2014 Report of the Paediatric Death Review Committee and Deaths Under Five Committee

On December 1, the Office of the Chief Coroner of the Province of Ontario  released the 2014 Report of the Paediatric Death Review Committee (PDRC) and Deaths Under-Five Committee. The report includes information about all children who died in Ontario, and specific information about children who died where there was, or had been, Children’s Aid involvement.

Highlights of the report:

  • 96 deaths involving CASs were reported to the PDRC
  • 22% of the deaths were children in the North (compared with 5% of all child deaths, both CAS-involved and not, that occurred in the North)
  • 77% of the children who died were living with their family
  • 14 of the children who died were in CAS care (11 were Crown wards)
  • 30% of the cases noted multiple and high risk factors
  • 41% of cases had verified abuse and/or neglect for the child and/or a sibling
  • Disabilities were the second most common vulnerability factor: 27% had physical disabilities and 20% had emotional/mental disabilities
  • 7 children died of suicide, 5 were Aboriginal children

Of the deaths reported, there are a few notable differences between CAS and non-CAS cases:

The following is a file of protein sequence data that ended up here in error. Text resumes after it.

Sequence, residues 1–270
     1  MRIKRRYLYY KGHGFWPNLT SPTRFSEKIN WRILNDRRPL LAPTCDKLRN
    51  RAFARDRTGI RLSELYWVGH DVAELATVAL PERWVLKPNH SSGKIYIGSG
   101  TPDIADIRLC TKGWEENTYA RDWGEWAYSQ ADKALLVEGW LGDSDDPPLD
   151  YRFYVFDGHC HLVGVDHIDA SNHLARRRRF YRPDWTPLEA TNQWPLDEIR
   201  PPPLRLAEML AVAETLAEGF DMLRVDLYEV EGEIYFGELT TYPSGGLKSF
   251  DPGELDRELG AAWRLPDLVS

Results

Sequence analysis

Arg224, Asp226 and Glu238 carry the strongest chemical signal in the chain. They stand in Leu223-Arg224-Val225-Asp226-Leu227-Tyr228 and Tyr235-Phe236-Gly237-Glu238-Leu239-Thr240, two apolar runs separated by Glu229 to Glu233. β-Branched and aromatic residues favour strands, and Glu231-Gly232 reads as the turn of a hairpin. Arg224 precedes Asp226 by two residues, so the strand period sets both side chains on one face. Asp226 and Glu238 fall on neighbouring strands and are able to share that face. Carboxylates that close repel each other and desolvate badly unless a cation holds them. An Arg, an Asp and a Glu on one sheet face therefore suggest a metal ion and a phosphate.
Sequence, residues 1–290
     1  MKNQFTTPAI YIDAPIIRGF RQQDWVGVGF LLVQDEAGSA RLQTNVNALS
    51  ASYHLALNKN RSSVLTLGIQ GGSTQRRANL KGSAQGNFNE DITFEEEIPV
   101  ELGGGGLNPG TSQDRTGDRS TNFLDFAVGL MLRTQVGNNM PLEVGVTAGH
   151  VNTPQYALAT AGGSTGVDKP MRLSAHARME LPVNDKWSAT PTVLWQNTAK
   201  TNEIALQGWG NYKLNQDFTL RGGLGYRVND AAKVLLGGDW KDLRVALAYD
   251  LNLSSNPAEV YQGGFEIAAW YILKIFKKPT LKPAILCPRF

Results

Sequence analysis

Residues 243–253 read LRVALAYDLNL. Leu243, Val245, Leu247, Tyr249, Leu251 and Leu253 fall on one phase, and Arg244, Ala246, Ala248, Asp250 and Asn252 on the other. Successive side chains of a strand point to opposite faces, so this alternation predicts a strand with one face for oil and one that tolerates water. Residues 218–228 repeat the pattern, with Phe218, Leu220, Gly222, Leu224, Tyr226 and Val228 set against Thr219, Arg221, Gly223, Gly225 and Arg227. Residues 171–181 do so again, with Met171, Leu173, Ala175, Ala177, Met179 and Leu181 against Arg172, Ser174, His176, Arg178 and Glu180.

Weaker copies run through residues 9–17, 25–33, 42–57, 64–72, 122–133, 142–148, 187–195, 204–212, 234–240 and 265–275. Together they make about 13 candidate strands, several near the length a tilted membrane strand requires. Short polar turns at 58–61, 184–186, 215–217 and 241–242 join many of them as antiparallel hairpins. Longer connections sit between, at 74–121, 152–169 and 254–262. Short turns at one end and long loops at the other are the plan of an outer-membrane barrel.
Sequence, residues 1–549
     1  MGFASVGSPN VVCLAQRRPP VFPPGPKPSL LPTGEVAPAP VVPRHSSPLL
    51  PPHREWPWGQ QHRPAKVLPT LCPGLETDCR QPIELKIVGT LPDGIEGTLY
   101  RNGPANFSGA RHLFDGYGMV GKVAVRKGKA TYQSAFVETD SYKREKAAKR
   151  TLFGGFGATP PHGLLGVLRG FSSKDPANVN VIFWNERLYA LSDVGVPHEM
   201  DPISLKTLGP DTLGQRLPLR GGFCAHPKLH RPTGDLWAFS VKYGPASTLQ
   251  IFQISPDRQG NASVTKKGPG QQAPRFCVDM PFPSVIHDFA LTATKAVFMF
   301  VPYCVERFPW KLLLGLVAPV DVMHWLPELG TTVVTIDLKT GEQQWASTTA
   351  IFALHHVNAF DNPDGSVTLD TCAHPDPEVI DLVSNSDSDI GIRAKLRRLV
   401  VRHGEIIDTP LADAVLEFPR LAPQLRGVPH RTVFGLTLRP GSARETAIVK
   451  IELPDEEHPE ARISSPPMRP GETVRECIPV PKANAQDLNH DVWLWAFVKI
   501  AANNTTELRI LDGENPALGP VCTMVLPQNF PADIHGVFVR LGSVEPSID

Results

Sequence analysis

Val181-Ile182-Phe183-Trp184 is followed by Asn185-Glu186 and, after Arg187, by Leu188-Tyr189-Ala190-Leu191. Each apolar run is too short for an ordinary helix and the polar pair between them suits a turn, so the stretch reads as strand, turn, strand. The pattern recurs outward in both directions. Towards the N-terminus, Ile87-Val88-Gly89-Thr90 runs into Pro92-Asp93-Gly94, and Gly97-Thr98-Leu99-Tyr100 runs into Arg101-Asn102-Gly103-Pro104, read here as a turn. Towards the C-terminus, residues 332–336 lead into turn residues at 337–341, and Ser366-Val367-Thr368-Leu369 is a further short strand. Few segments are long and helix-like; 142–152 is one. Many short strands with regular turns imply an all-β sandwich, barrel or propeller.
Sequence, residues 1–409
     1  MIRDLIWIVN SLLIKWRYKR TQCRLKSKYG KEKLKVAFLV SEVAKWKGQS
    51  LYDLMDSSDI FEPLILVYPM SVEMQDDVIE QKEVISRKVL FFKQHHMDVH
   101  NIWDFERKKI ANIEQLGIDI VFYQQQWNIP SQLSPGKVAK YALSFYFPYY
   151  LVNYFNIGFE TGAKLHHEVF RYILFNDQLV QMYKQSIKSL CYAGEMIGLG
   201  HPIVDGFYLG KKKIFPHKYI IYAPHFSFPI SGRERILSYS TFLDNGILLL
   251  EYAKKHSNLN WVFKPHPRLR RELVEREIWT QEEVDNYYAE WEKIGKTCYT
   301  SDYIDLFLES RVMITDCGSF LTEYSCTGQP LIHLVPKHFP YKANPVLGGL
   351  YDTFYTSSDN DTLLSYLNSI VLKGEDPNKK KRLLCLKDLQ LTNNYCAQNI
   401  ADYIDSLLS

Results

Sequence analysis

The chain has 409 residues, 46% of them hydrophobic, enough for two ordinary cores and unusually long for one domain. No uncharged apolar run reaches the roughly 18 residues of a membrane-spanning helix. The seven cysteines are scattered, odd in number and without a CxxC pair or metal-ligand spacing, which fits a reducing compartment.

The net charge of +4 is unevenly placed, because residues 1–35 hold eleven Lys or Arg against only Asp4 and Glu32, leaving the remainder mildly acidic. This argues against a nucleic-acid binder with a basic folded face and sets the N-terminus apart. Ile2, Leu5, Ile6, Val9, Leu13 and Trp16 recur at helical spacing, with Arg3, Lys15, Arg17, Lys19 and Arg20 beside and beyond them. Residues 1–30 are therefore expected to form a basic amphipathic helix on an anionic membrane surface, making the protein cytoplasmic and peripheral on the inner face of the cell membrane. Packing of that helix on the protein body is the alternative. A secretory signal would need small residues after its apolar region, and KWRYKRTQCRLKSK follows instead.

• A higher proportion of the child deaths in the North included CAS involvement: 22% compared with 5% of all child deaths, both CAS-involved and not, that occurred in the North) (Page 22). Potential causes are noted as lack of access to health services and higher mortality rates linked to remoteness.
  • There was a higher proportion of 5 – 9 year olds and lower proportion of 15 – 18 year olds when compared to all child deaths, however the significance is not known due to a variety of factors
  • Of the children served by CASs, there are proportionately more deaths classified as “undetermined” and fewer as accident, suicide or natural causes.
  • The report recognizes the work of CASs in training and supporting families related to safe sleeping, however many variables are involved and so a direct relationship cannot be drawn.

The report lists recommendations made to the Ministry of Children and Youth Services (MCYS) , CASs, OACAS and others and provides updates from the Ministry on eight themes, including those related to:

  • Safe sleeping
  • Risk assessment and case management
  • Discussing lessons learned with community service providers
  • Training on suicide prevention in collaboration with mental health
  • Case closure practices
  • Discharge planning with hospitals for youth at risk of suicide and medically vulnerable children and youth
  • Improve efforts to serve Aboriginal children

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